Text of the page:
One of the problems in our industrialized, heavily urbanized North American society is the huge disconnect between our food system, and the cycle of life and death that nearly every other generation of humans in the history of our planet has known intimately. As I sit here at my computer this morning I’m reminded quite vividly (and pungently) about how close I am to (some) of my food, as well as the circle of life. First thing this morning I watered my hugel kultur raised beds with the liquid fish compost that my husband Mark has been cooking up for a few weeks in a plastic garbage bucket in the garage. Phew – what a stench! I can’t seem to quite get the smell off my hands, despite scrubbing hard with soap and orange hand scrubber. I had to change, too, because the hem of my pants got a little damp while I was watering and the smell was overwhelming. I’m having flashbacks to my childhood on a prairie farm every time I get a whiff. Here in our corner of northern Ontario we have more access to decomposing fish parts than to livestock manure, so it makes sense to augment the fertility of our garden with a local source of rich organic material. We’ll have to see what our neighbours say, though – be thankful you are reading this in the comfort of your own fish-fertilizer-free home.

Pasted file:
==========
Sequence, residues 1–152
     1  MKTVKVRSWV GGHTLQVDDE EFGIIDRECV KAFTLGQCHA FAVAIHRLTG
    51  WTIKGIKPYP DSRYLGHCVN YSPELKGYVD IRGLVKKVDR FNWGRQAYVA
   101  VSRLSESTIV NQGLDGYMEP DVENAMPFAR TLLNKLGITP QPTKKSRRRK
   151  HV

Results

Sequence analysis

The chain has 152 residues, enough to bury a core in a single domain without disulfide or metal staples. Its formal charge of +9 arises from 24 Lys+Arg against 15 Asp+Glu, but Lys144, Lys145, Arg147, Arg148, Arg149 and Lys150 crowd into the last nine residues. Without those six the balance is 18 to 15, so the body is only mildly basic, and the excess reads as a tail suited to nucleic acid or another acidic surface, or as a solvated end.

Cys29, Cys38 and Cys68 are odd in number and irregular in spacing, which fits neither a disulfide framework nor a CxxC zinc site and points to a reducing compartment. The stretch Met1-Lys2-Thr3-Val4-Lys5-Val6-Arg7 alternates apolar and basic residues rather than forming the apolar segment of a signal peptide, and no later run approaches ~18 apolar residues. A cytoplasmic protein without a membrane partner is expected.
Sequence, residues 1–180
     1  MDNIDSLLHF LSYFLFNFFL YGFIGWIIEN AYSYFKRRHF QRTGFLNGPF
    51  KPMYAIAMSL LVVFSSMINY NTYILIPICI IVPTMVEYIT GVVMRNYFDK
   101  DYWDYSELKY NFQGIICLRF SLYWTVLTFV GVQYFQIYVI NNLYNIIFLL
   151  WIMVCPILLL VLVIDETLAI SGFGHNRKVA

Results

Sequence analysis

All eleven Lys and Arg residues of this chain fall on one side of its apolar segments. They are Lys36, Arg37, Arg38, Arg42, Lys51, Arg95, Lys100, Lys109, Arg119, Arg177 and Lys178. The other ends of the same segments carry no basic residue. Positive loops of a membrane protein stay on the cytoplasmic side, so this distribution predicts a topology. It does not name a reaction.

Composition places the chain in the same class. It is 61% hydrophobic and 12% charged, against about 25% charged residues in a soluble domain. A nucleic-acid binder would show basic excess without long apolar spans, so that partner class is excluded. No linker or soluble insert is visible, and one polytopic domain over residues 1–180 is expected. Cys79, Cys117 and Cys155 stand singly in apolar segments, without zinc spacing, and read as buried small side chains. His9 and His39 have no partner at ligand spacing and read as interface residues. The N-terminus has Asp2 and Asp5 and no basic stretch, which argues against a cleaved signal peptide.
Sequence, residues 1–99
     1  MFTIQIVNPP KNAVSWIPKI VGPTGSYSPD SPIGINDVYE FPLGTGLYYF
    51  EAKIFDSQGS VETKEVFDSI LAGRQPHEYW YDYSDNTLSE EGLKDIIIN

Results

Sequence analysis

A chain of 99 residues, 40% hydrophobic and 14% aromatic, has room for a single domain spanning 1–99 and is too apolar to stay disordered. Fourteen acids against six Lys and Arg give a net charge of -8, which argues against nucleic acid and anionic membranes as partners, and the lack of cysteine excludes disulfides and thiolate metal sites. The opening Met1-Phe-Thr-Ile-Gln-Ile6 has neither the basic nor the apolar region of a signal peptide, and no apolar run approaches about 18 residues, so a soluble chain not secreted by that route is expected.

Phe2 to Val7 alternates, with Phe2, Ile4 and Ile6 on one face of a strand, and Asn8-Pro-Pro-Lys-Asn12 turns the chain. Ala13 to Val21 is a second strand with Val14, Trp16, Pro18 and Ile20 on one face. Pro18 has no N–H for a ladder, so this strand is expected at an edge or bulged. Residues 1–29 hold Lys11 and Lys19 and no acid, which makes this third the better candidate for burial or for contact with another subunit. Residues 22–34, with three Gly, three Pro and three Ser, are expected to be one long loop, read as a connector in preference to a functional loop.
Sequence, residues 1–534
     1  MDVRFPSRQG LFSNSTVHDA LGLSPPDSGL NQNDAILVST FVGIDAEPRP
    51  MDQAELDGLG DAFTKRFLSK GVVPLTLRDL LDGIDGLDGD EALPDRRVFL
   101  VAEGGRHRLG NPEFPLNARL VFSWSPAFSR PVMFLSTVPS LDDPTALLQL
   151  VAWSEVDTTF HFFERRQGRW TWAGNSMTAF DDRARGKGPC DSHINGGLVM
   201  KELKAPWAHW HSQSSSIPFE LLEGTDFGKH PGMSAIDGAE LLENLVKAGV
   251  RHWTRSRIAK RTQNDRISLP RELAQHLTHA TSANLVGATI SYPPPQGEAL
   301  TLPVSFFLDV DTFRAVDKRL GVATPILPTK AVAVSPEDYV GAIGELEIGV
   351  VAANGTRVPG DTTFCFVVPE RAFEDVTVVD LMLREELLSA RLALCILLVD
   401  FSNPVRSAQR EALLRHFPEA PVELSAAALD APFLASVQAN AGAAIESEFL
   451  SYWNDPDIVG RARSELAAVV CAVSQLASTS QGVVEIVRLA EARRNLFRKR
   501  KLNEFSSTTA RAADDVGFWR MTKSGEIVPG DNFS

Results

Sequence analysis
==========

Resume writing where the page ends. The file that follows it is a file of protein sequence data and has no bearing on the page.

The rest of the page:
And speaking of food (and it is Meat Free Monday) here’s Michael Pollan on why a bunch of carrots costs more than a package of Twinkies:
According to a new report by two genetic engineers, genetically engineered foods are not safe, have not been properly tested and pose a serious threat to human health and the environment.
In GMO Myths and Truths, the scientists refute the claims made by companies that produce genetically modified crops and organisms (GMOs):
“GM crops are promoted on the basis of ambitious claims – that they are safe to eat, environmentally beneficial, increase yields, reduce reliance on pesticides and can help solve world hunger,” said co-author Dr. Michael Antoniou of the King’s College School of Medicine in London, U.K.
Click here to read full article in the Toronto Sun, or read Marion Nestle’s review of GMO Myths and Truths on Alternet.
Meatless Monday.com: One day a week, cut out meat
*Update: At lunch, my husband suggested I remove the hat I wore in the garden this morning. Which seemed a little random, as it hadn’t been anywhere near the watering can. But I did take it off, and realized it was quite pungent. Apparently anything within 5 feet of an open fish fertilizer bucket will stink to high heaven for quite a while after exposure!